The occupation of south Lebanon was costly for Israel. Israeli Prime Minister Ehud Barak made withdrawal a campaign promise in 1999, and later announced that it would take place by July 2000. A month and a half before this deadline, after SLA desertions and the collapse of potential talks with Syria, Barak ordered a chaotic withdrawal from Lebanon, taking many by surprise. At 3 am on May 24, 2000, the last Israeli soldier stepped off Lebanese soil and locked the gate at the Fatima border crossing behind him. Many predicted that lawlessness, sectarian violence and chaos would fill the void left by the Israeli occupation forces and the SLA, which rapidly collapsed in Israel’s wake. Those predictions proved false as Hizballah maintained order in the border region.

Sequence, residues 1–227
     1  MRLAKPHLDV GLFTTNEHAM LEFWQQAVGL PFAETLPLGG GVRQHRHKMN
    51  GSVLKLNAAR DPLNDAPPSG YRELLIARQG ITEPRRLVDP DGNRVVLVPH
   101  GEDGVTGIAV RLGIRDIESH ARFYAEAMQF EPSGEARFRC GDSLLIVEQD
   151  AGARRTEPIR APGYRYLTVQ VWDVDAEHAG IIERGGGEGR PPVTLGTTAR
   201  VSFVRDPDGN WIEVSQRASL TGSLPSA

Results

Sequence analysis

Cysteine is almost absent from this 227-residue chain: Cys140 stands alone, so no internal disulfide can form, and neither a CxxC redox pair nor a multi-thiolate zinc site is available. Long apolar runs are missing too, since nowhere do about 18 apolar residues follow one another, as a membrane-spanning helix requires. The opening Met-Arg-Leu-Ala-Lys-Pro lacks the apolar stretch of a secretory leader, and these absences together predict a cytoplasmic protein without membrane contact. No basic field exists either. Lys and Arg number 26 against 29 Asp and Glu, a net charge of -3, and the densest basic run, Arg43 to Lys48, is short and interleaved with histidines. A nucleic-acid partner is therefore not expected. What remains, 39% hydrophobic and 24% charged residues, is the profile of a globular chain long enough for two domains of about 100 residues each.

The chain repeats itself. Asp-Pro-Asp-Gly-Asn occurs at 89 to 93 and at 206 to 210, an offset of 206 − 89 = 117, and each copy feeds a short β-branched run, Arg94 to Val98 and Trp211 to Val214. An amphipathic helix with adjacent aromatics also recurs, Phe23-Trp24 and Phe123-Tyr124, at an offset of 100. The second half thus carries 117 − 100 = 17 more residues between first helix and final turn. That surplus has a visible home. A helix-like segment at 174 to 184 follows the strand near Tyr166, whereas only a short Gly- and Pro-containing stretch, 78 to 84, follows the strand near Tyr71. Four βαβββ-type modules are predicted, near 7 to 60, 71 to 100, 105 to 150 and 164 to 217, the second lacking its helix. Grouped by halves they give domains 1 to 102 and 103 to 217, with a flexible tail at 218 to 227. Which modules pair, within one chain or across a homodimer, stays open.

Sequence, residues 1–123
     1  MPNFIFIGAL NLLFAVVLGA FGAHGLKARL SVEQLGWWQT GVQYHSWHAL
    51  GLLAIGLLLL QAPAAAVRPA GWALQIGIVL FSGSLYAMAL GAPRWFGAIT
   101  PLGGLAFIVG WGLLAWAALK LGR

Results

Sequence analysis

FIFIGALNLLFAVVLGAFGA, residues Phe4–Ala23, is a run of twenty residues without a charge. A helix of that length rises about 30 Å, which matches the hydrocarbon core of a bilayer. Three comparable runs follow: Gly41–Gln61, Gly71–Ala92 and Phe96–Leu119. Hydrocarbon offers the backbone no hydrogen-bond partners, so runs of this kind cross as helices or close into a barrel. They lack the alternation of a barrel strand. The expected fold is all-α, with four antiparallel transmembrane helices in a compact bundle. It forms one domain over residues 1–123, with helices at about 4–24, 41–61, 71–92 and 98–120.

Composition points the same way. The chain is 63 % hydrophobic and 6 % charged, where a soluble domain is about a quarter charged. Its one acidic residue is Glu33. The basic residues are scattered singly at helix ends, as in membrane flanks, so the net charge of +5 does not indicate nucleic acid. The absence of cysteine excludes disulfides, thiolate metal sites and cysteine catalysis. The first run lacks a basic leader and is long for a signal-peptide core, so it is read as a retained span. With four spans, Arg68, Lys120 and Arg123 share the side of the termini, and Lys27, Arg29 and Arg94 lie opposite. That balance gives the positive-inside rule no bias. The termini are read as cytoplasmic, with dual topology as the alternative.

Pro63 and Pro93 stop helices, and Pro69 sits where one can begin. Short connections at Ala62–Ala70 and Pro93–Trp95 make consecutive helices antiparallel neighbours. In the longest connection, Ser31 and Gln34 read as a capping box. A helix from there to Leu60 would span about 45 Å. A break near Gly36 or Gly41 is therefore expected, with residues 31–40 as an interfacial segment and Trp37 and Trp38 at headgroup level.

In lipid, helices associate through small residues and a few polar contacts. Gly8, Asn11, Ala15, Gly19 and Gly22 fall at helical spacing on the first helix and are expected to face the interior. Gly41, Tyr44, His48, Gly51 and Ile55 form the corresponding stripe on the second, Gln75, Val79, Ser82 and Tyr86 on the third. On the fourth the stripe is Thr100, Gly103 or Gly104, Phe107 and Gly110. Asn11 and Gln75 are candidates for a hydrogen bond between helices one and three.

Despite withdrawal, a territorial dispute continues over a 15-square mile border region called the Shebaa Farms that remains under Israeli occupation. Lebanon and Syria assert that the mountainside is Lebanese land, while Israel and the UN have declared it part of the Golan Heights and, therefore, Syrian territory (though occupied by Israel). Since 2000, Lebanon has also been awaiting the delivery from Israel of the map for the locations of over 300,000 landmines the Israeli army planted in south Lebanon. Unstated “rules of the game,” building on an agreement not to target civilians written after the Qana attack in 1996, have governed the Israeli-Lebanese border dispute since 2000. Hizballah attacks on Israeli army posts in the occupied Shebaa Farms, for example, would be answered by limited Israeli shelling of Hizballah outposts and sonic booms over Lebanon.